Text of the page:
From Budget Car to Collectible Icon

The base price of the 1966 GTO was around $3,100, though most buyers opted for higher-end trims and engines. While hardly cheap, this price meant the average blue-collar worker could save up for their dream car. Buyers got the prestige of a luxury vehicle with blistering performance at a working-class price.

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Because so many were sold, 1966 GTOs are easy to find today and make an excellent, affordable collector muscle car. Top-of-the-line GTOs in flawless condition can sell for over $100,000 at auction due to their rarity and historic status. Even standard coupes in good shape trade hands for $20,000-$30,000.

The ’66 GTO is appreciated both as the original muscle car and a pivotal vehicle that steered the entire auto industry in a new direction. For collectors and enthusiasts, the GTO marks the start of the American muscle car era.

The Car that Launched the Muscle Car Wars

The 1966 GTO didn’t just lead the muscle car movement, it kicked off an outright horsepower war between automakers. Ford soon launched the Torino GT to challenge the GTO. Chrysler turned their intermediate Satellite into the hot-rodded GTX. American Motors created the mighty Javelin and Dodge had the Charger.

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This new competition forced Pontiac to keep making their top GTO more powerful year after year. By 1969, the GTO packed a Ram Air V8 cranking out 366 horsepower. Output peaked in 1970 before tougher emissions regulations and rising insurance costs brought the original muscle car era to a close. But that glittering age of high-performance machines all started with the stunning success of the 1966 Pontiac GTO.

Conclusion

The 1966 Pontiac GTO is an automotive icon because it had the total package – head-turning good looks, thrilling acceleration, exclusivity, and a price working folks could pay. Other muscle cars quickly followed in the GTO’s tire tracks, but the original goat will always have a special place in history.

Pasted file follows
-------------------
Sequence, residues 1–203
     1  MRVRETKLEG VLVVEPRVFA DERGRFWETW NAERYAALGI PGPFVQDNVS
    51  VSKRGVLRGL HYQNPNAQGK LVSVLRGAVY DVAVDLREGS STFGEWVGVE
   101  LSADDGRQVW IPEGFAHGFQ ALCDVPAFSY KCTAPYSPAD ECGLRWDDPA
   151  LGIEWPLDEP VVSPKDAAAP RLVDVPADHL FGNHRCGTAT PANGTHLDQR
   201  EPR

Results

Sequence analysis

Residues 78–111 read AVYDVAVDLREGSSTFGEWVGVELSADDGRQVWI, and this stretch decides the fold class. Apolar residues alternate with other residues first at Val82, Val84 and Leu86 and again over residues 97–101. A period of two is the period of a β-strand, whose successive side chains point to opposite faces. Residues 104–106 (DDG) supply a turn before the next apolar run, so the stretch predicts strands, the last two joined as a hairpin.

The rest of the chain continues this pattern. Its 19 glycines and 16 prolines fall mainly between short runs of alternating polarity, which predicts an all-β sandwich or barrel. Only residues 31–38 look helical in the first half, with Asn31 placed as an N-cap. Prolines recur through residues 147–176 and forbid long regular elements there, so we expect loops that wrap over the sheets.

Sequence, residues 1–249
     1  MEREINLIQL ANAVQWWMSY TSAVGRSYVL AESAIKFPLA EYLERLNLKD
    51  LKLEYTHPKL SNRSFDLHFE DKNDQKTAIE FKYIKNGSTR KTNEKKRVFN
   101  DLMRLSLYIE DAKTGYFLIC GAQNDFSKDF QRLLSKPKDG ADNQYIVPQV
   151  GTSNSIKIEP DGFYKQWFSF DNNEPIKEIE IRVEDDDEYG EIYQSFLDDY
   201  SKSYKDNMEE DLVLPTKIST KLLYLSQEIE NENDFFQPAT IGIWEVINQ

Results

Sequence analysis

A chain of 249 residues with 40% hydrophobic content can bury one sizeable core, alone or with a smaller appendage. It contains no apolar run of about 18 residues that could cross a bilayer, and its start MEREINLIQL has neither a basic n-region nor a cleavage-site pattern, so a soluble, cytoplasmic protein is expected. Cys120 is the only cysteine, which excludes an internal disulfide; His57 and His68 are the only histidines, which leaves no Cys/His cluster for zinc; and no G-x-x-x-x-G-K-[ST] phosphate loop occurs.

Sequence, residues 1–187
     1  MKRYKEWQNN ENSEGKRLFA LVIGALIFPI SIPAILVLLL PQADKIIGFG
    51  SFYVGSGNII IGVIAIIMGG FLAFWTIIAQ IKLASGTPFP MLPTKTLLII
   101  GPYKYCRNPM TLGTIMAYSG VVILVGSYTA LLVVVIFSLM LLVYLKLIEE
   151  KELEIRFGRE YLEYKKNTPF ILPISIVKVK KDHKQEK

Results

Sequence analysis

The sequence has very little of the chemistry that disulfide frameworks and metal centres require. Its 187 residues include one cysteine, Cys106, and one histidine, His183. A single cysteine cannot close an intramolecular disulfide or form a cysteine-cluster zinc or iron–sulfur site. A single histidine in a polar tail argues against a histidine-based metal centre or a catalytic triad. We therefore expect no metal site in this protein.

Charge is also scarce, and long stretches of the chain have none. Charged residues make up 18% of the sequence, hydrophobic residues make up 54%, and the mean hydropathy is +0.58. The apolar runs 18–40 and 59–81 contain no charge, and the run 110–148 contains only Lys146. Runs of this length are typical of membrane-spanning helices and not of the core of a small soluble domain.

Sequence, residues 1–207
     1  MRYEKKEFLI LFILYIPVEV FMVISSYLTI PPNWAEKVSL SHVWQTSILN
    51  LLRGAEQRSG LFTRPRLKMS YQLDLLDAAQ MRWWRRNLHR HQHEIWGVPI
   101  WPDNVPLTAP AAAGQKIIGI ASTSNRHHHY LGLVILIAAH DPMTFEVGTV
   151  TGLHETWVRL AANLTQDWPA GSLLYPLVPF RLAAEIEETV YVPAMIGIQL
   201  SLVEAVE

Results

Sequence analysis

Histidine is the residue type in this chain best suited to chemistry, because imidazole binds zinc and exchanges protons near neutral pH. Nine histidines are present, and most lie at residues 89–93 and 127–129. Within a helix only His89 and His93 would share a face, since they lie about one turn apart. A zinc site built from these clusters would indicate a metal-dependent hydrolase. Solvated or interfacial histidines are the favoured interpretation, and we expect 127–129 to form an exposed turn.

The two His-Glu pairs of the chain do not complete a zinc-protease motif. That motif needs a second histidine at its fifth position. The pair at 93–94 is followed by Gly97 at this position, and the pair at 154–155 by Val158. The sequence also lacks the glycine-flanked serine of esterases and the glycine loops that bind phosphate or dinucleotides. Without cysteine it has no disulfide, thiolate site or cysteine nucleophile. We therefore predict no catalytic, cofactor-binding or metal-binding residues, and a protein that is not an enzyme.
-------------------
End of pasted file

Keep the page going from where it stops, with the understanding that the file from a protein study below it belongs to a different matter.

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For collectors lucky enough to own one, it’s easy to look back through the decades and imagine the excitement of an average Joe buying his dream car back in 1966 – the mighty GTO that started the muscle car revolution.

Frequently Asked Questions

What engine did the 1966 GTO use?

The most powerful option was a 428 cubic inch V8 producing 360 horsepower, making it the fastest muscle car under $4000.

How fast could a 1966 GTO go?

With the 360 hp 428 engine, 0-60 mph took just 6.1 seconds and the quarter mile took 14.7 seconds. Top speed was well over 115 mph.

How much did a 1966 GTO cost when new?

Base price was around $3100, but most buyers spent $3500-$4000 on better engines and options. A new one was affordable for average workers.

How many 1966 GTOs were sold?

An incredible 96,946 GTOs were sold in 1966, nearly triple the first year sales. This huge success shocked the industry.

Why is the 1966 GTO so important?

It kicked off the muscle car era and steered the entire auto industry to focus on performance, creating the golden age of high-power cars in the 1960s and 70s.